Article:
“This year we acquired John Jaso, although he forms more of a tandem, as opposed to being a back-up. George was a guy who was only going to play once or twice a week. Jaso gives us some insurance for Derek Norris, who we like a lot. We want to bring along Derek at whatever pace he’s ready to play. Jaso is a guy who could play two or three times a week, or he could play four or five times a week. We have some flexibility there and will figure it out as time goes along.
“Jaso walked more than he struck out and he had over a .400 OBP against right-handed pitching. For a catcher, that’s pretty terrific. He is kind of the traditional Moneyball OBP guy. What’s interesting is last year’s team wasn’t what you’d call a traditional Moneyball lineup. We set the league record for strikeouts, we didn’t walk a lot, and we didn’t have a high OBP, but we hit a lot of homers. Jaso adds versatility to our attack, as he’s got good plate discipline and is going to have some long at bats. He’s a nice complement to our lineup.”
On providing data to advanced scouting: “There is a very deep-rooted conventional wisdom within advanced scouting. Opposing hitter reports and opposing pitcher reports have looked basically the same for the past 10 years. We’re trying to advance that. We’re asking ourselves, What information do we want our hitting and pitching coaches conveying to our players beyond what they’re doing right now?
“If you go to a hitting or pitching coach and ask, ’What do you want?,’ they’re happy with what they have. They have their hands full with the job at hand and don’t spend a lot of time thinking about what other potential pieces of valuable information are out there. We have a broader perspective. We constantly have people coming to us and talking about new advanced report services, offering new products and data sets, and that clues us in to what more we could be doing.
“On an opposing hitter report, you might have a player’s batting average against 0-1 fastballs or 0-2 fastballs. Guys would use batting average in very specific, narrow, circumstances to determine whether to throw a pitch in a certain count. Batting average is certainly not the right metric to use in those situations. We also need to understand how to slice the data into meaningful segments where you’re getting statistically significant sample sizes. You don’t want your manager necessarily viewing a match-up favorably if a guy is 2 for 3 against somebody. It’s the same sort of sample-size challenge that comes with advanced reports.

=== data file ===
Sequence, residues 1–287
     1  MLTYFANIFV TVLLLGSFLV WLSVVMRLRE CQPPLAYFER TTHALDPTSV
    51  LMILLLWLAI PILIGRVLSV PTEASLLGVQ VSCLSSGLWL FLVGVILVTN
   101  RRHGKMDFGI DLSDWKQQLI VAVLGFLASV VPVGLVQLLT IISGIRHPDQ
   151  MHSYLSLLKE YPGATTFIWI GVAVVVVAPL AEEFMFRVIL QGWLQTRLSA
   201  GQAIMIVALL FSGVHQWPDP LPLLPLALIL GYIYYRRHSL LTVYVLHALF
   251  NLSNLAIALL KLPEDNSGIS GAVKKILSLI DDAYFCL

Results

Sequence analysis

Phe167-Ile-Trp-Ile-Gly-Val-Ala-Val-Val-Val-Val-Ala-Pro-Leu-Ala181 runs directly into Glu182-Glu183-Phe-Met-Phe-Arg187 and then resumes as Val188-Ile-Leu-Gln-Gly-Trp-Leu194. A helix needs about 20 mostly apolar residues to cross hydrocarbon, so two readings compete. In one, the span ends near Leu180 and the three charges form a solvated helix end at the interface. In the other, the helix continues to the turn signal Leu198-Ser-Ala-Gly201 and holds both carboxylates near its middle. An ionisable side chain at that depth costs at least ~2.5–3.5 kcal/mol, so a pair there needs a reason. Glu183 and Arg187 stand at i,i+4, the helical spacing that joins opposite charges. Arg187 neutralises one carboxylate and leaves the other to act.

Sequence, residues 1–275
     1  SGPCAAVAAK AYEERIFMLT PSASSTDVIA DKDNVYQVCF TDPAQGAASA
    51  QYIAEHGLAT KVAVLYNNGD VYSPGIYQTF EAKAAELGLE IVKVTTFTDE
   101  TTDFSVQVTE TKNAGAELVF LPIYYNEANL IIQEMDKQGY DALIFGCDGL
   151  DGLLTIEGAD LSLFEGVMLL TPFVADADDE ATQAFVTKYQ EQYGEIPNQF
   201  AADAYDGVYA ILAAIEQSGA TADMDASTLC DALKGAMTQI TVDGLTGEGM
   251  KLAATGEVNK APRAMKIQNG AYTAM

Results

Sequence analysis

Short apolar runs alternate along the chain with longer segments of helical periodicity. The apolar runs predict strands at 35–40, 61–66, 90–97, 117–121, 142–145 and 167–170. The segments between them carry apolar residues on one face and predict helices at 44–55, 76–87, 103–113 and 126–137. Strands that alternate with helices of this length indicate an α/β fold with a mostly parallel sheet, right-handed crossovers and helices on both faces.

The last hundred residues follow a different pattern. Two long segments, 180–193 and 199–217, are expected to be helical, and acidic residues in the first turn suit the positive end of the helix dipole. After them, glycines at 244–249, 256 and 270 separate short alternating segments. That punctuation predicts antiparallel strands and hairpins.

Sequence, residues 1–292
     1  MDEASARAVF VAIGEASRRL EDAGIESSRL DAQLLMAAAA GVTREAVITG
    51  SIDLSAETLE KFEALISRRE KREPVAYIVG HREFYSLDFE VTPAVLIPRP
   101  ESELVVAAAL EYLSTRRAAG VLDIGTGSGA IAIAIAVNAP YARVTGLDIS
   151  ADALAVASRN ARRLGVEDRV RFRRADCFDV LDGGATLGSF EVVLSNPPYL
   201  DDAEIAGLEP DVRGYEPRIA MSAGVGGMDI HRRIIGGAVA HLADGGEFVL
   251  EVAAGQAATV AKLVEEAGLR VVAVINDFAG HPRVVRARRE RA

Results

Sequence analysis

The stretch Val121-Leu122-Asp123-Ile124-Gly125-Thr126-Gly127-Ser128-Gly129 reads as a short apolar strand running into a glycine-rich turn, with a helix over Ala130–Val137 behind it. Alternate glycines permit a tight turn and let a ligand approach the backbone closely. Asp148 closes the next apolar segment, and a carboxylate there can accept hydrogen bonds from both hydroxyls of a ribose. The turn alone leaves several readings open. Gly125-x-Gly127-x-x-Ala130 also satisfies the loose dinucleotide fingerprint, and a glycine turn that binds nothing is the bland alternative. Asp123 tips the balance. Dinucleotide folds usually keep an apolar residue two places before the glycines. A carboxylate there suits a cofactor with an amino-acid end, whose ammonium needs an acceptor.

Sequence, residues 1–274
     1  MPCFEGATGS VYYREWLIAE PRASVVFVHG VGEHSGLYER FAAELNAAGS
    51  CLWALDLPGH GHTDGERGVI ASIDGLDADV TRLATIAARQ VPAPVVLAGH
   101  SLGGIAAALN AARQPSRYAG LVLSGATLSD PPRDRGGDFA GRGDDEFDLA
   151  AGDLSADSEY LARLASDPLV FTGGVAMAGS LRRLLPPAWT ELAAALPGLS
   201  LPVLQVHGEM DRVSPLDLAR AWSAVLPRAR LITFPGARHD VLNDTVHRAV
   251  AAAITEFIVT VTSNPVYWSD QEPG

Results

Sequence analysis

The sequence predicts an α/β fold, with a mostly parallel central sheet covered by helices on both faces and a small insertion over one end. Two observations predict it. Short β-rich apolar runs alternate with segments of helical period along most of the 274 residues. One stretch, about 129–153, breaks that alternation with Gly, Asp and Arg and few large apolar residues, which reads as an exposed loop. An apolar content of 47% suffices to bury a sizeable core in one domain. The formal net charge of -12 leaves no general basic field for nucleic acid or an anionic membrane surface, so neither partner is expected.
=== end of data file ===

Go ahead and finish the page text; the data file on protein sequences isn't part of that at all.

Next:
“We try to analyze skill, not results. Ultimately, what you want in an advance report isn’t batting average on fastball counts. You want something more along the lines of skill level, like how often a guy makes hard contact on a fastball on an 0-1 count. That approach is very applicable in this area.”
On proprietary information: “Analytics, today, is kind of like 30 guys with 30 radar guns: That’s not meant as disrespect to scouts. I go out and scout, and a lot of times I’m one of the guys holding up a gun. It’s more of an analogy to recognizing what data is commoditized, and what data really gives you a competitive advantage. Knowing that — knowing when you’re using data that other teams have access to, versus data that is legitimately proprietary — is an important point to be able to recognize.
“Everybody is holding up the gun and everybody writes down the reading like everyone is collecting performance data and evaluating it. There’s a lot of stuff that goes on behind the scenes that every team is doing individually, but really, much of that exercise is just running in place.
“The question of what you’re doing that other teams aren’t is a tough question. You have to give your competitors respect. A lot of things you’re thought about, they probably have as well. You have to try to go a step beyond and do it better.”
David Laurila grew up in Michigan's Upper Peninsula and now writes about baseball from his home in Cambridge, Mass. He authored the Prospectus Q&A series at Baseball Prospectus from December 2006-May 2011 before being claimed off waivers by FanGraphs. He can be followed on Twitter @DavidLaurilaQA.